Grover Cleveland's second term as president had just begun when the economy collapsed, and at that same time Cleveland was told that he had cancer. His doctor informed him that if he wanted to live, he had to have an operation to remove the cancer. But Cleveland was worried that the news of his health might further impact Wall Street, so he chose to keep his illness a secret. Several months later in July, when he took his annually scheduled vacation, he arranged a secret surgery on board a yacht to remove the cancerous tissue, which extended all the way up into his eye socket. After the surgery he traveled to Buzzards Bay in Massachusetts to recover, and the country never even knew the truth about his summer vacation and his brush with death until long after he was dead, when one of his doctors told the tale in a Saturday Evening Post article.
A vacation proved to be bad for Dwight Eisenhower's health also. Shortly after he took office, Eisenhower went on vacation at his favorite golf club in Augusta, Georgia. He'd had a heart attack previously, in 1949, which had been covered up due to his political career, and the country knew nothing of it, but at the golf resort he had another heart attack. His spokesman told the world that he was suffering from a bad case of indigestion, but Ike was scheduled to return to Washington the next day for his first major foreign policy address, in order to ease tensions between America and the Soviet Union following the death of Joseph Stalin. Even though he had not recovered from his heart attack, Eisenhower insisted on delivering his speech as scheduled. In the middle of his speech, beads of sweat began to form on his forehead and he had to grasp the lectern firmly to keep from collapsing. He had to skip whole paragraphs of his speech in order to finish it, but no one seemed to notice, and the speech was a success. In 1955 Ike was on vacation in Colorado when he suffered yet another heart attack, this time serious. The country had to be let in on his health at last, because the president was very ill for several months. After his return to the capitol, Ike often retreated to Camp David, the presidential getaway established by Franklin Roosevelt. Interestingly, when Eisenhower first became president he had considered abolishing Camp David because it reminded him of his predecessor, but Mamie forced him to keep it. In the last few months of his presidency, it became his refuge.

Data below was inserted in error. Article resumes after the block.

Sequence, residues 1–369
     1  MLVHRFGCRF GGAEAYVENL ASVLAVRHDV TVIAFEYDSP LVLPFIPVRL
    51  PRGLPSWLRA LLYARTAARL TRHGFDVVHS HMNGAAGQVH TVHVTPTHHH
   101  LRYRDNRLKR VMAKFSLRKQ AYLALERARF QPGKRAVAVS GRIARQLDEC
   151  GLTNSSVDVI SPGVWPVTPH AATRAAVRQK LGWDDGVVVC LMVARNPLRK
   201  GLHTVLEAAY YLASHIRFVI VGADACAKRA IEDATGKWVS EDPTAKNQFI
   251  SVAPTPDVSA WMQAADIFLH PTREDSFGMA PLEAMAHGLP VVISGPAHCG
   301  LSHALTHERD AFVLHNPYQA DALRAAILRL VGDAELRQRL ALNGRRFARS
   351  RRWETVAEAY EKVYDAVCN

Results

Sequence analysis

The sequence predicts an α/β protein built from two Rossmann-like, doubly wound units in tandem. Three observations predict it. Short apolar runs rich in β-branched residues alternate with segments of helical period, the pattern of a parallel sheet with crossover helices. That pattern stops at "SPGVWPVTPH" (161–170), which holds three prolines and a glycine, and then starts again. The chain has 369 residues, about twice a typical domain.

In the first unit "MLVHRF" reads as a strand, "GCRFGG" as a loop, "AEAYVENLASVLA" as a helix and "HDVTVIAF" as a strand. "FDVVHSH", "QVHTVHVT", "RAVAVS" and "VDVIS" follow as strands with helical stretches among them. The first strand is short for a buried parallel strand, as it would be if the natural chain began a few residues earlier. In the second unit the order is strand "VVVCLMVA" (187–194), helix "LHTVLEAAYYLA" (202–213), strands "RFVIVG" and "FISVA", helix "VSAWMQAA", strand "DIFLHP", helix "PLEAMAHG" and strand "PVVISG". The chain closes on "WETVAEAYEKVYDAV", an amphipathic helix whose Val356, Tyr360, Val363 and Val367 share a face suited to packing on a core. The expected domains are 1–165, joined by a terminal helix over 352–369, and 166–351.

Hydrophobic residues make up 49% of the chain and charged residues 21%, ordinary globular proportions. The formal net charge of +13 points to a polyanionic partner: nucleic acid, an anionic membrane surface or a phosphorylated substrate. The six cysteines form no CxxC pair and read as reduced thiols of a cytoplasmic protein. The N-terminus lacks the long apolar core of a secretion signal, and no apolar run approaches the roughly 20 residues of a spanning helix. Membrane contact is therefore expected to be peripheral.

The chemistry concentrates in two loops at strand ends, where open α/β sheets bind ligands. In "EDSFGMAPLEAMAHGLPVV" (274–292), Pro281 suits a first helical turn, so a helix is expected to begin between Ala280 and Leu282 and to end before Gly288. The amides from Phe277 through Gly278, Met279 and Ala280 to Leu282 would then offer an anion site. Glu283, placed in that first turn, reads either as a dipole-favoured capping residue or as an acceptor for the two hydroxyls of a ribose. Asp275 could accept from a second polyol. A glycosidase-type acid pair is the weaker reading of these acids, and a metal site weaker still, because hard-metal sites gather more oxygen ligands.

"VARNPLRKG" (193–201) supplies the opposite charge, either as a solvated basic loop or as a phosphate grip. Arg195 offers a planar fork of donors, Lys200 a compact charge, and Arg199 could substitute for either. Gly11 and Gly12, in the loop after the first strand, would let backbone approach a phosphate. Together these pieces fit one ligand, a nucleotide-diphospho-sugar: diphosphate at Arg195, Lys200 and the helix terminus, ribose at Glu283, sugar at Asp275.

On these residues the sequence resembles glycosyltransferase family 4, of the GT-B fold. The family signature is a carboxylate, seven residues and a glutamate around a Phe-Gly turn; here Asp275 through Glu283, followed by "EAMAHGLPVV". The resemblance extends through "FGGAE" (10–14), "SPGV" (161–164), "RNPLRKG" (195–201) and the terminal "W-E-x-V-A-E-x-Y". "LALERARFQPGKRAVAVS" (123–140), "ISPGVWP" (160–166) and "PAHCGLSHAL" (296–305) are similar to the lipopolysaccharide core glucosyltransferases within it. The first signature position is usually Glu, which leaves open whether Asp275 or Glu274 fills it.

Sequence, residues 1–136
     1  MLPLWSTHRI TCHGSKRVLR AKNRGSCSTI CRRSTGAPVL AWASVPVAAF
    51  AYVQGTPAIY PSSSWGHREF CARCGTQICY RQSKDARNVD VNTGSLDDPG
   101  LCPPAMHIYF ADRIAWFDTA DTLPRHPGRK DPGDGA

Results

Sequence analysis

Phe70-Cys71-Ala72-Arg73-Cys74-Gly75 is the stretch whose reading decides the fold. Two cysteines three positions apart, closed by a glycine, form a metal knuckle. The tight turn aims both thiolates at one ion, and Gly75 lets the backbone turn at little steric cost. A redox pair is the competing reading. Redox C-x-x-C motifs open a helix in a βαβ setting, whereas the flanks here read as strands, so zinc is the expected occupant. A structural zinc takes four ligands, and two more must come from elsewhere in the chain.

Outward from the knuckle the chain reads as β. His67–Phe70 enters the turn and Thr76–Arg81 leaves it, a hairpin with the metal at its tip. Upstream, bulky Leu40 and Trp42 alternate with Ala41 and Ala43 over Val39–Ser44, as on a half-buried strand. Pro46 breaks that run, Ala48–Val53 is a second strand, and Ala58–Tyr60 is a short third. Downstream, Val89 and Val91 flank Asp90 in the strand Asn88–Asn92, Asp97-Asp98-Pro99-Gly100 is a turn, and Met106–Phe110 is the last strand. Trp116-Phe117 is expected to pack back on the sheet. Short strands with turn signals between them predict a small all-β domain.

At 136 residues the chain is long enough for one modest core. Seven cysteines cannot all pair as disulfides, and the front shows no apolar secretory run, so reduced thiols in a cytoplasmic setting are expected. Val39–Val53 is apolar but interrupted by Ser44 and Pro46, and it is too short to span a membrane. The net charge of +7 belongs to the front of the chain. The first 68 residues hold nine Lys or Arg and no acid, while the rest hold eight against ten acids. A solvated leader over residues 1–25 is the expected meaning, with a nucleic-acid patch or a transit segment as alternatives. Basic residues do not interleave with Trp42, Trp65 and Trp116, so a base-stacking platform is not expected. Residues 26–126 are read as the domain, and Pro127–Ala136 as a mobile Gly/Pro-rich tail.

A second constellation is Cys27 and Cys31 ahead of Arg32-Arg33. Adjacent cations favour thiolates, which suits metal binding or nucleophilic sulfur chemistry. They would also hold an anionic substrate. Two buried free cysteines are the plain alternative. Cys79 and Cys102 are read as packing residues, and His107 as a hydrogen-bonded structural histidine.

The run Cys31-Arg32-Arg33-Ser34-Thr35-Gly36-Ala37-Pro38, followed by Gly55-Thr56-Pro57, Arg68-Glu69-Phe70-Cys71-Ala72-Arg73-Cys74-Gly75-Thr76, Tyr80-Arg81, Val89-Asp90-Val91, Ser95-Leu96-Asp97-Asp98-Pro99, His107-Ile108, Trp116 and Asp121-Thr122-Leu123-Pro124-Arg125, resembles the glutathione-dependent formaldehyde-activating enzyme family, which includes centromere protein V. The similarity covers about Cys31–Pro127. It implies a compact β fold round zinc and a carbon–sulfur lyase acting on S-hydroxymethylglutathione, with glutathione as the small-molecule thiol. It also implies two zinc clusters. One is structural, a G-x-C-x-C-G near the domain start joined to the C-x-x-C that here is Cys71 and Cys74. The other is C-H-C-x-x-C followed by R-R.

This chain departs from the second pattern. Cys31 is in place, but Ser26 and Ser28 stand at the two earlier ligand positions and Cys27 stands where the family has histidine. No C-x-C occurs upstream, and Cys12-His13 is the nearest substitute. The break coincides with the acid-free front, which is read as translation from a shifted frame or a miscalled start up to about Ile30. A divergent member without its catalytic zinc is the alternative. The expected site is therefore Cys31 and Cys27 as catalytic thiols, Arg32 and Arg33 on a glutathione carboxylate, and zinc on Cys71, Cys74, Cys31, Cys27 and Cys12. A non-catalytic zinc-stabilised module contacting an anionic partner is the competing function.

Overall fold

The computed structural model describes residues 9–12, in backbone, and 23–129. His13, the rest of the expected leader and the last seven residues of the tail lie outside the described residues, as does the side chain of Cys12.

American presidents in the last few decades have been criticized on occasion for the numbers of days spent away from the Oval Office. Bill Clinton was famous for partying with the rich and famous in Martha's Vineyard and the Hamptons, and in 1995 and 1996 he vacationed in Jackson Hole, Wyoming. Ronald Reagan loved his ranch in Santa Barbara, California, and according to the AP he spent at least part of 335 days there during his two terms as president. And now President Bush is under fire for taking what some consider as too much time away from his capitol stomping grounds. But honestly, shouldn't the person with the most stressful job in the entire country be entitled to the most relaxing vacation? Given the increasing complexity of the world today, maybe they deserve even more time off than they get.